The novelty of Facebook in 2008 – to both the bar at large and Robertelli – saved the attorney from potential ethical consequences. But the Supreme Court cautioned, attorneys can no longer “take refuge in the defense of ignorance” when it comes to social media.

Continue reading ““Once Upon a Time . . . in Legal Ethics and Social Media.””

Words of Warning: “If you promise the police that you will take charge of a drunk driver and his or her car, you will be counted on to do so.”

By: Peter J. Gallagher (LinkedIn)

From the Appellate Division comes another case that sounds more like a law school hypothetical than real life. Here is the scenario: A driver is pulled over for a traffic offense. Signs point to the driver being intoxicated, but the police don’t conduct a field sobriety test. Instead, the officers allow the driver to call a friend to drive him home. The driver’s friend arrives and assures the offices that he will take the driver and his car “safely to a residence” (note: whether the friend promised to take the driver “home” is not clear).  Unfortunately, on the way to the “residence,” the drunk driver convinces his sober friend to let him drive again. The friend agrees and leaves the car. The driver takes control and later gets into a serious accident. The question is whether the friend can be civilly liable for the accident along with the drunk driver and others. The answer from Diaz v. Reynoso . . . maybe.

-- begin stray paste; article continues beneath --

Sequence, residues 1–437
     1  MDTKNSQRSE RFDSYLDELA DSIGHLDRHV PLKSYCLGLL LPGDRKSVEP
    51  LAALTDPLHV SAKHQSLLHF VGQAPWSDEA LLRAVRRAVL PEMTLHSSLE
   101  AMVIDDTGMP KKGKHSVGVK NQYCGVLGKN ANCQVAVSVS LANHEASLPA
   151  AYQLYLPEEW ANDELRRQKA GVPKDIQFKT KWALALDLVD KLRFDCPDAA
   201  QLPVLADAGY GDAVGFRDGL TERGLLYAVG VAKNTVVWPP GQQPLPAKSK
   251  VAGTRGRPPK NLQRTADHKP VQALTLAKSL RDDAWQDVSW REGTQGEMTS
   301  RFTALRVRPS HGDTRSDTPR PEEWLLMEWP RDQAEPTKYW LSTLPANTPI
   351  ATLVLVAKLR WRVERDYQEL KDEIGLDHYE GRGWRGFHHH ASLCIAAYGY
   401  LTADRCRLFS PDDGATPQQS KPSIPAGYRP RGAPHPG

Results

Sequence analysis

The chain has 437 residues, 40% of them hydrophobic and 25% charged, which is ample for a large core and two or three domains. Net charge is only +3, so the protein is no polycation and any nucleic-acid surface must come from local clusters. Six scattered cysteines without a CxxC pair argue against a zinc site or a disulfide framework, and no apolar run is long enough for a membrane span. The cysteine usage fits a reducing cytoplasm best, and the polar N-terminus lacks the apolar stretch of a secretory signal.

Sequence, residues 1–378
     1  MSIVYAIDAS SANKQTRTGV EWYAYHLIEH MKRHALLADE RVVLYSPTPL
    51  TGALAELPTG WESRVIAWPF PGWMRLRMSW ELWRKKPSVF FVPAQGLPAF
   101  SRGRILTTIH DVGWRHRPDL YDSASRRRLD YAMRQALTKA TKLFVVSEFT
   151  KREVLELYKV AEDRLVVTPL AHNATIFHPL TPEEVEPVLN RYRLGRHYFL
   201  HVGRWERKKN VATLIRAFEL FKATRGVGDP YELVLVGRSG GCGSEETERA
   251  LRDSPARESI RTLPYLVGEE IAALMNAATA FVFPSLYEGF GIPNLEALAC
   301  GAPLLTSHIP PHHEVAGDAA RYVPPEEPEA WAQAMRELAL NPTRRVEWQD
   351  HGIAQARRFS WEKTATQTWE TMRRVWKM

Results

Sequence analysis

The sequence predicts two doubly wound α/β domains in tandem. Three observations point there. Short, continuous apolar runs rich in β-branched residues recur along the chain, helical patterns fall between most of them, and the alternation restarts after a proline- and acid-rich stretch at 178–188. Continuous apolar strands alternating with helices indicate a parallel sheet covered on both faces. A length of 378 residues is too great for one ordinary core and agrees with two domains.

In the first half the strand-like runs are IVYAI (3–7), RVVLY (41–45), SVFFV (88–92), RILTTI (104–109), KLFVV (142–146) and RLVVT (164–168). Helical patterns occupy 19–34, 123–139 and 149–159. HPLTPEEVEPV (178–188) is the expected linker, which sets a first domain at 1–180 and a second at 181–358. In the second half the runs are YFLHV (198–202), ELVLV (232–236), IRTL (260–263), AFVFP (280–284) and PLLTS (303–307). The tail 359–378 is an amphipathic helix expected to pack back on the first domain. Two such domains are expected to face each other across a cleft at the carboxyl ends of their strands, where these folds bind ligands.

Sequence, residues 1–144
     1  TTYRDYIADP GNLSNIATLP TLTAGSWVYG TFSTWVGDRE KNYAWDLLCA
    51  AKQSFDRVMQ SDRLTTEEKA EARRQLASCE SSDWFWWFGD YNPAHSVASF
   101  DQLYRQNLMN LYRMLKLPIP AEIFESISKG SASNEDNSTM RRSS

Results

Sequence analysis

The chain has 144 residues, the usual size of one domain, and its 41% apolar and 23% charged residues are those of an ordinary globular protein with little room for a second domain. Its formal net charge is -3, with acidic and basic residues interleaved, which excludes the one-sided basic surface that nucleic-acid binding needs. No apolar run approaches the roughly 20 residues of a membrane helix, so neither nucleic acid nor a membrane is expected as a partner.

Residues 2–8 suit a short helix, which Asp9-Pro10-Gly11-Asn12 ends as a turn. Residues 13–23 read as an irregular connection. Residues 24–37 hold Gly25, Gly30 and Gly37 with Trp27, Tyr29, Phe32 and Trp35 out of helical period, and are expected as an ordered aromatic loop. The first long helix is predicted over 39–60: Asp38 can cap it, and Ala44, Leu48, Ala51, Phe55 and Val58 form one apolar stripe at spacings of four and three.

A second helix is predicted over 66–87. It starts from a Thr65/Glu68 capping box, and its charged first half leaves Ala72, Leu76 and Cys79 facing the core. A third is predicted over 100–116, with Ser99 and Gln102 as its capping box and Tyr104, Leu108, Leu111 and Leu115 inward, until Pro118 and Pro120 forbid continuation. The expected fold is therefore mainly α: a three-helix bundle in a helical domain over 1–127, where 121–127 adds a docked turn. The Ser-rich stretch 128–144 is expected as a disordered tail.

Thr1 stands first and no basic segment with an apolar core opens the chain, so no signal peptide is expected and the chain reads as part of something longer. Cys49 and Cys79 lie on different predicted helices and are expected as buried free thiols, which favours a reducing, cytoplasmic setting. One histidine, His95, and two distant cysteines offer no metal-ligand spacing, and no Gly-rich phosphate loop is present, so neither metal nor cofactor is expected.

In Diaz, four friends – Reynoso, Dominguez, Gonzalez and Paredes – went to a rooftop party in Fort Lee and then an Argentinian restaurant in Englewood. Reynoso admitted to having at least two cocktails, a shot of tequila, and two beers at the restaurant. When they left the restaurant, the four friends split up – Reynoso left in his car with Gonzalez as a passenger, while Paredes left in his van with Dominguez as his passenger.

Shortly thereafter, police officers stopped Reynoso’s car after they observed it travelling the wrong way down a one-way street. After speaking with Reynoso , one of the officers asked Reynoso if he felt capable of driving. He said he did, but also offered to call someone to pick him up. The officer “responded that would be preferable.” The officers did not administer any field sobriety tests on the driver.

Continue reading “Words of Warning: “If you promise the police that you will take charge of a drunk driver and his or her car, you will be counted on to do so.””